With this step complete, you now have FastQC and bwa-mem2 available for execution on a Kubernetes cluster via the container images stored in your cloud environment’s image repository.

Step 4: Submit and Monitor Kubernetes Jobs

Next, we will navigate to your cloud-specific folder for Kubernetes jobs and launch a few. We will eventually run FastQC and bwa-mem2 in a pipeline with argo, but to start, we will run these tasks individually.

For GCP, navigate to GCP/gke/FastQC/

For AWS, navigate to AWS/eks/FastQC/

Within these folders is a Kubernetes Job titled fastqc.yaml.

This YAML defines a job that can be run with kubectl create -f fastqc.yaml. However, the file contains a few variables which should be defined within and replaced by run_fastqc_job.sh. Take some time to understand Kubernetes objects in general and jobs specifically to decipher fastqc.yaml, and additionally review what is taking place in the shell script.

Essentially, Kubernetes is more often used to run long-running pods called Deployments (e.g., long-lived web servers), but it can also run Jobs, or one-time execution tasks, such as scientific programs like FastQC. Throughout the code base, we will be submitting Kubernetes Job objects to the cluster.

Provide the variables INPUT_FILEPATH and OUTPUT_FILEPATH to the shell script, and it will launch a FastQC job using one of the FASTQ files you grabbed earlier, ultimately saving the zipped up report to a bucket. Alternatively, you could replace variables in the fastqc.yaml file manually and run the job with: kubectl create -f fastqc.yaml

Keep track of FastQC progress with: kubectl get pods -n biojobs

You’ll notice that a single pod is launched, which begins by pulling down the container image, then shortly thereafter runs the specified job:

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FastQC pod — ContainerCreating status
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FastQC Pod — Running status

Check application logs as it runs with kubectl logs -n biojobs <pod_name>:

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FastQC pod progress

Because containers — and GKE/EKS — are built with monitoring in mind, you can easily locate these log entries in your cloud’s native logging solution, enabling long-term log retention and investigative capabilities.

Use the phrase complete for within GCP’s Cloud Logging or AWS’ CloudWatch to locate FastQC pod log entries:

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FastQC pod logs hitting GCP’s Cloud Logging

You should eventually see a FastQC report hit your output bucket path. Try running FastQC pods for both FASTQ files until you see their reports:

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Bucket-stored FastQC reports

That’s all there is to running FastQC at scale on Kubernetes!

You could launch one FastQC job or ten thousand at once. The Kubernetes control plane, along with its cloud environment’s associated compute node auto-scaling service, will increase and decrease compute capacity as required to meet workload demands as specified in the cpu/memory/disk requirements defined in the FastQC’s Kubernetes Object YAML file.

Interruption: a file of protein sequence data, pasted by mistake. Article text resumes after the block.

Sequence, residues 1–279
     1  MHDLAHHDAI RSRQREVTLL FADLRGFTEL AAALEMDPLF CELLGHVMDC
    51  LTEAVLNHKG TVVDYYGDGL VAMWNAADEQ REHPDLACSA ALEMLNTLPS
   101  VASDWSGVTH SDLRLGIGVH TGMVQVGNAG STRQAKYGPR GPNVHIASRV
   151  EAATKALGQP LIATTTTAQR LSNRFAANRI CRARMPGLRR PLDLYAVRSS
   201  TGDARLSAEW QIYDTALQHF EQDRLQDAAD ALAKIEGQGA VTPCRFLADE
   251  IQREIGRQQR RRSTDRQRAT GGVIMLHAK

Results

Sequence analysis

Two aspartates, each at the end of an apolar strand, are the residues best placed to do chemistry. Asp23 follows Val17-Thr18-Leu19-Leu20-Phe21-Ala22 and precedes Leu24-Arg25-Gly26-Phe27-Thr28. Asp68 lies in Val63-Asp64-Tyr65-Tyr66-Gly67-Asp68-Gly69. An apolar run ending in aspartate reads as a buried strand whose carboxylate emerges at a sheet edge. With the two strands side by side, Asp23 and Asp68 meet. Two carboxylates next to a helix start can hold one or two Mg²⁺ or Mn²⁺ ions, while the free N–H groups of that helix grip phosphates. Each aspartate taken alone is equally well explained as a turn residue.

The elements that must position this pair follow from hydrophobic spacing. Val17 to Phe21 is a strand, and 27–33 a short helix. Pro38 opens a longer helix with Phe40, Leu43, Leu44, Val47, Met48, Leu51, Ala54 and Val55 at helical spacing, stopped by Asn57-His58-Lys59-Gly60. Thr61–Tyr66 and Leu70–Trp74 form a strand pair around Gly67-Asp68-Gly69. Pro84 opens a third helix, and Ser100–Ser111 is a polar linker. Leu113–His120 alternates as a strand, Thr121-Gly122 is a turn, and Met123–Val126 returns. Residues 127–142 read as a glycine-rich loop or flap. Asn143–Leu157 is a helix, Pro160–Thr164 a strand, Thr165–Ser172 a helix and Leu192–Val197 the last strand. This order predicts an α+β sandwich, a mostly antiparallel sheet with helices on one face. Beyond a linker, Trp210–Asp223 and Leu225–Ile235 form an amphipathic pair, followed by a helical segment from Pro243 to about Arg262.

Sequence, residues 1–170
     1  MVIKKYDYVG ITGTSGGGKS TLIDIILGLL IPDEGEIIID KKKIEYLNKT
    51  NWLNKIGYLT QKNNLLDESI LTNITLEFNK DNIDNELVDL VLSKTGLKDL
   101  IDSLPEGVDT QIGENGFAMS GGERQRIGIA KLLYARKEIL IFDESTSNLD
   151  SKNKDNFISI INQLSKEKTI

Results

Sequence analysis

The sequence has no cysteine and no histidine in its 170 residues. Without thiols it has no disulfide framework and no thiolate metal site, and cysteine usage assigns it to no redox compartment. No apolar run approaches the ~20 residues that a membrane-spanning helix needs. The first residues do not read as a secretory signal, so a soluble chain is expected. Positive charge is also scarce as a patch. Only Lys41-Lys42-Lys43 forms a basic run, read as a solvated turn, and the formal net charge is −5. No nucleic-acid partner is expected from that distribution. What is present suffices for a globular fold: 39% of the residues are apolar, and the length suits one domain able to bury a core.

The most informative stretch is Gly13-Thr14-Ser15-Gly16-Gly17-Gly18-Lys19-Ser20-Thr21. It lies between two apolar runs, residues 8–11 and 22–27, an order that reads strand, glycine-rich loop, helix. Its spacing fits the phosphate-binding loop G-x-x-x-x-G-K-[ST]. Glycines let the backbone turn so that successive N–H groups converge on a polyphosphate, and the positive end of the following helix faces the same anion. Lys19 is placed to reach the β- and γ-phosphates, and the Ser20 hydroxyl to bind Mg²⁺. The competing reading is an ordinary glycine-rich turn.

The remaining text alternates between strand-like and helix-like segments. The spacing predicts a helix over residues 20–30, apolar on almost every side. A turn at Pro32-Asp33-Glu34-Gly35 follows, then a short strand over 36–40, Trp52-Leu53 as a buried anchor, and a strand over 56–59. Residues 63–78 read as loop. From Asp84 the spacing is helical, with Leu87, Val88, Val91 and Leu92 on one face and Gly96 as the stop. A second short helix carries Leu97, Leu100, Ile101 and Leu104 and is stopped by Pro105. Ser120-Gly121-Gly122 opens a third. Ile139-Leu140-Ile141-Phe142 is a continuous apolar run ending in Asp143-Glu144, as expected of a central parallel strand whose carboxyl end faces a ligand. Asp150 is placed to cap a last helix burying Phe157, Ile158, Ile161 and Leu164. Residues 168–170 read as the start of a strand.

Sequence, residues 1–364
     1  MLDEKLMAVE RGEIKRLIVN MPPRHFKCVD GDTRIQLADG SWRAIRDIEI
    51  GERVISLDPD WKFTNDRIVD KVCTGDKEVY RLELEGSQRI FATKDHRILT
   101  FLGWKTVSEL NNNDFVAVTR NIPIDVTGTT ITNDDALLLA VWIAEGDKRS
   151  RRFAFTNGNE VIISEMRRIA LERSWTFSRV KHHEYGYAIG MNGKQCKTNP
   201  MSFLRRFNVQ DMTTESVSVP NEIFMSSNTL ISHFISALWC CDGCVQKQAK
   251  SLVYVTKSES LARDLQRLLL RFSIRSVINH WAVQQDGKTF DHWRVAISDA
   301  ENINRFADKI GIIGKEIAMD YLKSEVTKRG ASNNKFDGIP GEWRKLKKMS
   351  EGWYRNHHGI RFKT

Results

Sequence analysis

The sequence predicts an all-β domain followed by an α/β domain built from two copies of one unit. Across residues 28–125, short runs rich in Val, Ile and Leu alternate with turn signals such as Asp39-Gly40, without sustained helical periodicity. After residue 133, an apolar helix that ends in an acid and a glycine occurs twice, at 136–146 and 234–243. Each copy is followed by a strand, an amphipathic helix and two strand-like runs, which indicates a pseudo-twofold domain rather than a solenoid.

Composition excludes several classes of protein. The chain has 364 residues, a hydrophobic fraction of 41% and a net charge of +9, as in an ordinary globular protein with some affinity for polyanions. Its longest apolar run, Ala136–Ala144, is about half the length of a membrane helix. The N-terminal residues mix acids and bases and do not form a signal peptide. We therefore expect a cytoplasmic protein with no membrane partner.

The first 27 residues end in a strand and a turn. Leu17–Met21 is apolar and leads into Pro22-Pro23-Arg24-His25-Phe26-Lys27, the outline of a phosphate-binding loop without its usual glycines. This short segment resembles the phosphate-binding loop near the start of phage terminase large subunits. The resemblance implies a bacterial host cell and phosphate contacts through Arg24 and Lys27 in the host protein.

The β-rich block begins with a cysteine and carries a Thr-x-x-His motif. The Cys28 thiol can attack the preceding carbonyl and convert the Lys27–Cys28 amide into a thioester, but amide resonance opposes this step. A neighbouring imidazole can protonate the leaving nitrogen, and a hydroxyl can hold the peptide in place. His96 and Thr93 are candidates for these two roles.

Just make sure your cluster autoscaler’s maximum permitted values for node count / cpu / memory are high enough — or at least where you want them for cost control purposes — on cluster creation. (GCP: gke.tf AWS: cluster.tf)


You can run bwa-mem2 cost-effectively at scale with a similar level of ease!

For GCP, navigate to GCP/gke/bwa-mem2/

For AWS, navigate to AWS/eks/bwa-mem2/

Provide input/output paths for variables at the top of run_bwa-mem2_job.sh and those will substitute variable names in bwa-mem2.yaml, then submit the Job to your cluster.

Continue to monitor pod status and logs until you see a BAM file output to your output bucket path:

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Bucket-stored BAM file

If you check out the CPU utilization metrics for the GCE / EC2 nodes powering your cluster, you will notice that the low-intensity, single-core FastQC jobs are submitted to smaller CPU machines, while all-core-utilizing BWA jobs are submitted to high CPU machines. These correspond to the low/high CPU Kubernetes node groups created in order to ensure appropriately sized machines powering each drastically different workload will auto-scale up and down cost-effectively.

For example, on AWS it wouldn’t make sense to provision a 96 vCPU m5.24xlarge machine when scaling up just to run a new single-core FastQC job, so we instead submit FastQC to a node group possessing 4 vCPU m5.xlarge machines. Meanwhile, bwa requires as many cores as you can throw at it, so we submit those jobs to the 96 vCPU node group, which will scale independently of the 4 vCPU (FastQC) node group.


For those of you who have built secondary analysis workflows that take raw sequencing data and process it to discover variants, you are likely beginning to see the power of Kubernetes now. Gone are the days of:

  • On-prem job schedulers with finicky performance at-scale
  • Worrying about whether launching too many jobs at once will bring down the job scheduler, or even the cluster itself powering your (and all others) workloads.
  • Ticking off your co-workers as you take on-prem compute capacity away from workloads they want to run.
  • Having to monitor and relaunch workloads that fail for unexpected but recoverable reasons.